Review: SOUTHPAW Fights Itself To A Draw
Movies about boxers enjoyed a revival in the 1970s, marked by the popularity of Rocky, a well-made tale about an underdog getting a shot at the title, and the artistry of Raging Bull, which depicted the savagery of the sport and its participants both inside and outside the ring.
Between those two high points, very few boxing movies have rung the bell, as far as quality or endurance are concerned. Southpaw, originally conceived as a star vehicle for pop star Marshall Mathers (aka Eminem) by writer Kurt Sutter, falls solidly into the middle, neither sufficiently rousing nor markedly distinctive to satisfy those who are not boxing fanatics.
As directed by Antoine Fuqua, Southpaw is never less than a watchable enterprise. Mauro Fiore's cinematography is a joy to wallow in, lit appropriately for the occasion, whether that's a gaudy title fight, a luxurious mansion, or a downtrodden room for rent. It's easy to see why Fuqua and Fiore have been frequent collaborators over the years. John Refua's editing is spot-on, keeping the action scenes propulsive and the dramatic sequences lively, and the production design by Derek R. Hill makes every setting look and feel exactly as needed. James Horner contributes one of his last musical scores, enhancing the drama without calling attention to itself.
Fuqua has certainly been on a roll lately, directing Olympus Has Fallen and The Equalizer with such high-polished finesse and narrative momentum that it was easy to overlook their various deficiencies. But Southpaw indulges in so many stereotypes that it stumbles repeatedly, sometimes tripping over its own feet.
Billy Hope (Jake Gyllenhaal) is, quite obviously, a Great White Hope, a boxing champion who is beginning to show the effects of taking too many punches to the head. His intensely loyal wife Maureen (Rachel McAdams) worries that he has only a short time remaining before his mind starts to go. She already makes all their business decisions, in harmony with his manager Jordan (50 Cent), but she is more concerned with Billy holding on to his marbles long enough to finish raising their bespectacled daughter Alice (Clare Foley).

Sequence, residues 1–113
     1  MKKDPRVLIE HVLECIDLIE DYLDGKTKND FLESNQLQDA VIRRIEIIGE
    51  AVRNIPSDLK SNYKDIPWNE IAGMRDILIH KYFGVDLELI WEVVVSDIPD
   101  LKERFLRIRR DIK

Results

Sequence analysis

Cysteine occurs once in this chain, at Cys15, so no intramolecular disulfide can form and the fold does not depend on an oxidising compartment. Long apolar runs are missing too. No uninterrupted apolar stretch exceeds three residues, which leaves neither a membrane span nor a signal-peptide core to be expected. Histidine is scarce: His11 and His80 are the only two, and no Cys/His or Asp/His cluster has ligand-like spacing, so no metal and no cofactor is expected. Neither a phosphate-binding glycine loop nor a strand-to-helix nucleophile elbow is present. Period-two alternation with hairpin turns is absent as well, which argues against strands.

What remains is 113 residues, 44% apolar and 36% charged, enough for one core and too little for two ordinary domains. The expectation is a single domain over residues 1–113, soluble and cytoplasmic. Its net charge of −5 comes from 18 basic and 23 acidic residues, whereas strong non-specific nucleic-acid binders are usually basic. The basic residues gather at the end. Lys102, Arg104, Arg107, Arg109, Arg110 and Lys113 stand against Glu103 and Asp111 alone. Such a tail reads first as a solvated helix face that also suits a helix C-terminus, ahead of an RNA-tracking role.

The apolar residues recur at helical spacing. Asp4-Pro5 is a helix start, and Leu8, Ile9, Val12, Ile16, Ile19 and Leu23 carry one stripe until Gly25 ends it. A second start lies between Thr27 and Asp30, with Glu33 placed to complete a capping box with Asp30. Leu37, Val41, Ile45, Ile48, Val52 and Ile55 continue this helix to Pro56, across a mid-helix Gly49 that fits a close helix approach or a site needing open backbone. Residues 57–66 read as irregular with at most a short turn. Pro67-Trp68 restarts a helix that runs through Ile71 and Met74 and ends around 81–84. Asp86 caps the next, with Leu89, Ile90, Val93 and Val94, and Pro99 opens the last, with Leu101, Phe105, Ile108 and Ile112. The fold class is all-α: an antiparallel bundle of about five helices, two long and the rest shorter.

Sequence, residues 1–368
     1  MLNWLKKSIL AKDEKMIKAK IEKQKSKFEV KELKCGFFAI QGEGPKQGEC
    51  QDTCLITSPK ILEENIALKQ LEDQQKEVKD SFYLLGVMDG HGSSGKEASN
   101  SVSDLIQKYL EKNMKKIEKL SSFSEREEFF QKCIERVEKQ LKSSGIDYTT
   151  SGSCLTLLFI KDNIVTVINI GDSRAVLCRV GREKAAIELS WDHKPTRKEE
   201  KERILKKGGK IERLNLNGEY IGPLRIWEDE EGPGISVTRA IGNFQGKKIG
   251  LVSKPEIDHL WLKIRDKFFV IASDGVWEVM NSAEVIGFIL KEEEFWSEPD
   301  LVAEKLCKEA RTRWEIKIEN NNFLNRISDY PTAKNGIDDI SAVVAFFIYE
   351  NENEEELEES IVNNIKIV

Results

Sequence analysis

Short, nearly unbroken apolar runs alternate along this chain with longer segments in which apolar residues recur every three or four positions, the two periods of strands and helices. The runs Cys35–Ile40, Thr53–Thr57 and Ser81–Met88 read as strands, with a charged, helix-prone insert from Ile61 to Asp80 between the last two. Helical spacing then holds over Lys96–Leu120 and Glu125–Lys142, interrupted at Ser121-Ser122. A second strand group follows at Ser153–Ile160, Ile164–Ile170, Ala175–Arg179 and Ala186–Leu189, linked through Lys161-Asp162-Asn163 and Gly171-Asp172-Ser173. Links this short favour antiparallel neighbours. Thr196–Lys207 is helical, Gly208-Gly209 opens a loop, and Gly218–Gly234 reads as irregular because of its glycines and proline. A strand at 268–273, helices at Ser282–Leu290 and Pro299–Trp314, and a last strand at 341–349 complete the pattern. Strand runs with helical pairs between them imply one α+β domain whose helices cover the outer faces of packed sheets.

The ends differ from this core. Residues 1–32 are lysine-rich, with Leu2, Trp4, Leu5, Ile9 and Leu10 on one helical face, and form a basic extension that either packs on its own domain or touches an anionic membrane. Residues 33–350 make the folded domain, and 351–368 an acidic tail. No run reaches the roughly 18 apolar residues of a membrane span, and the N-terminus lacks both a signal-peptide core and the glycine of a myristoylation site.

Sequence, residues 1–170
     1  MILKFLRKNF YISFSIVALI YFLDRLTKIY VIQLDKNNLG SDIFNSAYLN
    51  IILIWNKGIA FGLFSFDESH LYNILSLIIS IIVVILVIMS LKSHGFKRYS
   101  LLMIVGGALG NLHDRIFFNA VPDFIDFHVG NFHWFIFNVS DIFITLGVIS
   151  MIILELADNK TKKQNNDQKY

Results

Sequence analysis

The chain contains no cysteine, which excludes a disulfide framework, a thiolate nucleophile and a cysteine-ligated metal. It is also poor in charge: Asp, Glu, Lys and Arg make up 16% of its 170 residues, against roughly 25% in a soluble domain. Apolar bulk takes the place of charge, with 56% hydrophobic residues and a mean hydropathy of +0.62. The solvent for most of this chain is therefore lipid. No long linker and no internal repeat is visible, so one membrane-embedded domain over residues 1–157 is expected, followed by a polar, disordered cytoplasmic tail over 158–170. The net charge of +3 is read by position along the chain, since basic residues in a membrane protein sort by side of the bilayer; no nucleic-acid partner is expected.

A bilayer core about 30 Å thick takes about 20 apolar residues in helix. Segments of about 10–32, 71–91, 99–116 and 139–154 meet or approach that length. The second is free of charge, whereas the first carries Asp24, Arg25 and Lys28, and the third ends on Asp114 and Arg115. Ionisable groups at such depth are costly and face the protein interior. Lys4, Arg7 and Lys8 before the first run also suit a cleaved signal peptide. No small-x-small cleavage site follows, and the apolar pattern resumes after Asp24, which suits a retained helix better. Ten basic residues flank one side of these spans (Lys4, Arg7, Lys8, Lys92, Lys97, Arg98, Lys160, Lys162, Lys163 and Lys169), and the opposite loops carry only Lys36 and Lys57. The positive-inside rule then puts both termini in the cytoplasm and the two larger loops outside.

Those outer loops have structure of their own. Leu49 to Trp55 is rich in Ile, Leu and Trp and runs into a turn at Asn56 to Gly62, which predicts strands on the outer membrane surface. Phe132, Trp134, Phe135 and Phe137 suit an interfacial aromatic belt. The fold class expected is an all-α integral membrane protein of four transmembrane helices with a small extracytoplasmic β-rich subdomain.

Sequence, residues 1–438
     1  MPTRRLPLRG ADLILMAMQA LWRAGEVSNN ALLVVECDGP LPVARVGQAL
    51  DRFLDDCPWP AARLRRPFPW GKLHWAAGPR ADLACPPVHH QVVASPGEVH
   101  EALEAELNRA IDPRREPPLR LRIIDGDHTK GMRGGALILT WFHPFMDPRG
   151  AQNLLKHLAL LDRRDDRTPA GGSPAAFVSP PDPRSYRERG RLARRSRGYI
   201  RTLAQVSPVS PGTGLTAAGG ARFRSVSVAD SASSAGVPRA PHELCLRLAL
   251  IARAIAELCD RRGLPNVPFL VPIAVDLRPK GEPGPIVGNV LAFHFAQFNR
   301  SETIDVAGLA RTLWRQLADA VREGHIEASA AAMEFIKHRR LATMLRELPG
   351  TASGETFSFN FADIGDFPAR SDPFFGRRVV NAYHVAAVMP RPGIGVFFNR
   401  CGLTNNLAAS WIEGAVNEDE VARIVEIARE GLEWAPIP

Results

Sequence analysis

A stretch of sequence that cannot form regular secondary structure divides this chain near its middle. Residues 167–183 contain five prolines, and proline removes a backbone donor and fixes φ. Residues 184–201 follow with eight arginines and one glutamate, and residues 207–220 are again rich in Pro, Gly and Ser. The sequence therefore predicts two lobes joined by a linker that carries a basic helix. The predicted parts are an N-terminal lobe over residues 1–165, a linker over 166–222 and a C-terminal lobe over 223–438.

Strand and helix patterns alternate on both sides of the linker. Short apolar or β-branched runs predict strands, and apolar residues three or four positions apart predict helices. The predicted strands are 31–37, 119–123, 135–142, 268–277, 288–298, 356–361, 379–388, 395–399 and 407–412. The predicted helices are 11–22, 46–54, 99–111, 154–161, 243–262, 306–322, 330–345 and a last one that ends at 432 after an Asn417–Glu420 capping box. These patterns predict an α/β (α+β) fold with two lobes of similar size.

Things do not work out as Maureen has planned. Before long, Billy has lost his championship and must rebuild his life, centered around regaining the trust of Alice.
Gyllenhaal does his utmost to make Billy Hope a force of nature. He's an active volcano inside the ring, erupting regularly with rage. Outside the ring, however, Billy is a dim sad-sack, completely reliant upon Maureen, and capable of little more than juvenile expressions of emotion. Billy and Maureen were both orphaned and met as children in an orphanage, which serves to explain their tight connection. Maureen is the brains of the operation, and has been happy to prop up Billy for years. Billy's emotions run deep, but he's never known how to express them properly to anyone other than Maureen, and she's enabled him.
Rather than explore that angle to any greater degree, however, the film heads safely back toward parental melodrama. It's difficult not to think of The Champ, which was remade with a predominance of soap suds in 1979, featuring Jon Voight and Ricky Schroder, plus Faye Dunaway. That movie arrived in the midst of the boxing-movie revival, and represented the tear-jerking nadir of the sub-genre.
Southpaw is not nearly that bad, but it runs away from nagging narrative issues in search of an easier, more crowd-pleasing resolution, making it feel at though it's trying to be more Rocky than Raging Bull. It doesn't succeed. Southpaw may look good, but it's less filling emotionally and intellectually, regurgitating tired tropes without adding anything new of its own.
The film opens wide in theaters throughout North America on Friday, July 24.
- Antoine Fuqua
- Kurt Sutter
- Jake Gyllenhaal
- Rachel McAdams
- Forest Whitaker
- Oona Laurence